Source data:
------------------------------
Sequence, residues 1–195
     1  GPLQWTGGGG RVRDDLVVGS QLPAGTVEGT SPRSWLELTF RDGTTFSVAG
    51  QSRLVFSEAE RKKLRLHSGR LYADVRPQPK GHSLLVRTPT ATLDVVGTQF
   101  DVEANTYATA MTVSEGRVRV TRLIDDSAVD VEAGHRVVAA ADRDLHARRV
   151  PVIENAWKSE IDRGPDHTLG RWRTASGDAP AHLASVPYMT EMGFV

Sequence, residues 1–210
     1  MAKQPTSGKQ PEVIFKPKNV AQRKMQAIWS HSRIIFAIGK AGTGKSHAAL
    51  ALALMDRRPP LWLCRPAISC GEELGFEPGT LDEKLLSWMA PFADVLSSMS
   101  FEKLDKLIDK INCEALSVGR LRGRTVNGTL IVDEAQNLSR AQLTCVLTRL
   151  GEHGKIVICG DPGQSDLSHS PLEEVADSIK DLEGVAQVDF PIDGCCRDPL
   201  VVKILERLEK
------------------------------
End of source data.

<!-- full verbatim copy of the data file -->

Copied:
Sequence, residues 1–195
     1  GPLQWTGGGG RVRDDLVVGS QLPAGTVEGT SPRSWLELTF RDGTTFSVAG
    51  QSRLVFSEAE RKKLRLHSGR LYADVRPQPK GHSLLVRTPT ATLDVVGTQF
   101  DVEANTYATA MTVSEGRVRV TRLIDDSAVD VEAGHRVVAA ADRDLHARRV
   151  PVIENAWKSE IDRGPDHTLG RWRTASGDAP AHLASVPYMT EMGFV

Sequence, residues 1–210
     1  MAKQPTSGKQ PEVIFKPKNV AQRKMQAIWS HSRIIFAIGK AGTGKSHAAL
    51  ALALMDRRPP LWLCRPAISC GEELGFEPGT LDEKLLSWMA PFADVLSSMS
   101  FEKLDKLIDK INCEALSVGR LRGRTVNGTL IVDEAQNLSR AQLTCVLTRL
   151  GEHGKIVICG DPGQSDLSHS PLEEVADSIK DLEGVAQVDF PIDGCCRDPL
   201  VVKILERLEK